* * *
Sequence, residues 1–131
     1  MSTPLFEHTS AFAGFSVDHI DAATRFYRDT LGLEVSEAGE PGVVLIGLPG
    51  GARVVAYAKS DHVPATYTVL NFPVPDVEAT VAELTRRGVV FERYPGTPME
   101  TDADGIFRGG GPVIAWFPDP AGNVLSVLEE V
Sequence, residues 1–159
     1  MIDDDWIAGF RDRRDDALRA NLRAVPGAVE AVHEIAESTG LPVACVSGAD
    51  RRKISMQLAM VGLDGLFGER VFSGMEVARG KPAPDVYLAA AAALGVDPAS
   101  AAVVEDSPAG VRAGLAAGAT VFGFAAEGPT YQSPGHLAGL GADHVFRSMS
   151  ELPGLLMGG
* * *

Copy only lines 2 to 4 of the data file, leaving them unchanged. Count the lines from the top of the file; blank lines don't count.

     1  MSTPLFEHTS AFAGFSVDHI DAATRFYRDT LGLEVSEAGE PGVVLIGLPG
    51  GARVVAYAKS DHVPATYTVL NFPVPDVEAT VAELTRRGVV FERYPGTPME
   101  TDADGIFRGG GPVIAWFPDP AGNVLSVLEE V